When I was a youngster growing up in Walla Walla, three words meant magic: Marcus Whitman Hotel. When our parents said them, my siblings and I knew they were talking about something special, a place of monumental grandeur.
In 1927 the city fathers of Walla Walla decided to construct a luxury hotel to attract visitors and conventions. Not only did this hotel become the tallest building in the city, but it hosted many dignitaries and celebrities, including Vice President Lyndon B. Johnson, trumpeter Louis Armstrong, actress and diplomat Shirley Temple, and my maternal grandmother’s cousin "Ike", or as he's sometimes called, President Dwight D. Eisenhower. The proud citizens of Walla Walla named their hotel after local and historical missionary Marcus Whitman.
The hotel was the big-night place to go for everyone in southeastern Washington and northeastern Oregon. During the Swing Era all the touring big bands stopped by to play dances. It was a business destination too: dozens of important agreements that would determine Walla Walla's future -- including its wine future -- were made over lunch or dinner at the Marcus Whitman. In the mid-1970s the hotel housed a chain restaurant/bar, the Black Angus. The bar back then was a kind of disco paradise: smoky glass windows, a stainless steel dance floor, a big mirrored disco ball -- the preferred dress for men was a leisure suit in pastel. Many of the hotel rooms became luxury condos. But after the restaurant closed, slowly the grand Marcus Whitman hotel slid into a neglect and disrepair. By the early 1990's, the beautiful antique furnishings that once decorated the lobby were stripped clean, and the wallpaper was torn and stained. There were rumblings about bringing in the wrecking ball for a mercy demolition.
Then, in 1999, Kyle Mussman bought the historic structure. Sharing a community vision with the City and Port of Walla Walla, he restored the beautiful hotel and expanded it, and after the $35 million renovation the elegance was back -- indeed, the hotel is better now than even in its heyday, with cutting-edge technology for today's needs. Now known as "The Marc," it has become a splendid home away from home for many wine tourists while locals once again enjoy fine dining at the hotel. Back in the day, steak was king of the grill in The Marc's dining room, but now the menu highlights fresh regional foods and our terrific local wines. And every time I visit The Marc I see Kyle Mussman greeting guests or even serving in the restaurant. It impresses me that he is a visible and a hands-on host/owner.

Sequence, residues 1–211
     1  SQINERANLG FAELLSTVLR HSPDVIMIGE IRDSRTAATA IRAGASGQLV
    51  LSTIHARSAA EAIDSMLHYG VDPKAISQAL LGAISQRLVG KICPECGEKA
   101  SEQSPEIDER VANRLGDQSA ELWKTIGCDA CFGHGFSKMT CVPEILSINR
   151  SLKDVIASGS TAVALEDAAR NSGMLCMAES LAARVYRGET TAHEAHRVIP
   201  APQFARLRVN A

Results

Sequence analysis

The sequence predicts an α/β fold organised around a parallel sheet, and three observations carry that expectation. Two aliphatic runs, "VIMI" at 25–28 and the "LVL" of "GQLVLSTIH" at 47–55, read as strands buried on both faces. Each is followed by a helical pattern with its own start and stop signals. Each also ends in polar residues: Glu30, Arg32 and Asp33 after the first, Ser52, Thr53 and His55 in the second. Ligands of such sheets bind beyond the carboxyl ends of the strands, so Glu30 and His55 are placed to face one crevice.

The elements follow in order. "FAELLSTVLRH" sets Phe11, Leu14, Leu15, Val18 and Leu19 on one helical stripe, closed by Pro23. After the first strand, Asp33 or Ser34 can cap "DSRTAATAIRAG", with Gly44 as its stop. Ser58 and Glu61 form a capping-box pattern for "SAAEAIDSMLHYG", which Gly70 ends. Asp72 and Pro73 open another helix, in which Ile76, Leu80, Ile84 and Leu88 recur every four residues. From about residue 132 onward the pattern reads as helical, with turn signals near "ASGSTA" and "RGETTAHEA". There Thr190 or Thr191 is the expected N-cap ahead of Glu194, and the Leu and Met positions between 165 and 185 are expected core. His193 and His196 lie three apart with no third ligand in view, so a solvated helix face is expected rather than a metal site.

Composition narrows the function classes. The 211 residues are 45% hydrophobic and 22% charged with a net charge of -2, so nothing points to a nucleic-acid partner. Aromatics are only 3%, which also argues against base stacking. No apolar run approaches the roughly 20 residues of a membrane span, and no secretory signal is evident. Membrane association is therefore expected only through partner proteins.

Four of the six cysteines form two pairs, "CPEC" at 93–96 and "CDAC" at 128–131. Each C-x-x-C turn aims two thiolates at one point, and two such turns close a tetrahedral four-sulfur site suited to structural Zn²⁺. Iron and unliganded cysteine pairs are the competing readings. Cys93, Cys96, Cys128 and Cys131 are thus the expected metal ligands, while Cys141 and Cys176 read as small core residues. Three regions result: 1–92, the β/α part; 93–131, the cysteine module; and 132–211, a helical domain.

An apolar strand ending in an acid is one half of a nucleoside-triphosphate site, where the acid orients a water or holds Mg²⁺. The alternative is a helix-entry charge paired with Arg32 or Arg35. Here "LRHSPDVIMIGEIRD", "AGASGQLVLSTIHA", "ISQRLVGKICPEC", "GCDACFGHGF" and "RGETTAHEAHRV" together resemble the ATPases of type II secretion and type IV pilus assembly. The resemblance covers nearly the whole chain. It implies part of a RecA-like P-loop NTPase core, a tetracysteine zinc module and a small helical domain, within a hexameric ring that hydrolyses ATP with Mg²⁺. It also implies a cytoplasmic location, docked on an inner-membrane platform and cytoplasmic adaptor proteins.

Last week, the local wine industry were Kyle's guests for an industry mixer held in one of the conference rooms. Kyle, Executive Chef "Bear" Ullman and staff were available for questions, and the Whitman staff spoke to us about the exciting new changes to their menus. There will be more emphasis on "fresh," with meats from locally raised livestock and wild-caught rather than farm-raised fish. At the mixer, samples from the new menu were served along with a very large assortment of local wines (I have pages and pages of wine notes to be blogged for you on another day soon). It was a wonderful evening, a chance to catch up with old wine friends, make new wine friends and most of all to visit with Kyle, who has become a true Walla Walla hero to me. Living here means a lot to me; it's my birthplace and home. I have hundreds of wonderful memories, including many of the Marcus Whitman Hotel. Kyle has my gratitude for saving a landmark that the people of Walla Walla can be proud of once again.
(PS - After the mixer, a few evenings in a row were spent at the Marc's Vineyard Lounge enjoying some very smooth and tasty vodka martinis and choices from the new bar menu, including fresh handmade potato chips, pulled pork sandwiches, and a seriously delicious watercress and watermelon salad. The service was attentive and charming. The cocktails were smooth, generous and served in stylish glasses. The food was full of flavor and, well, just damn delicious!)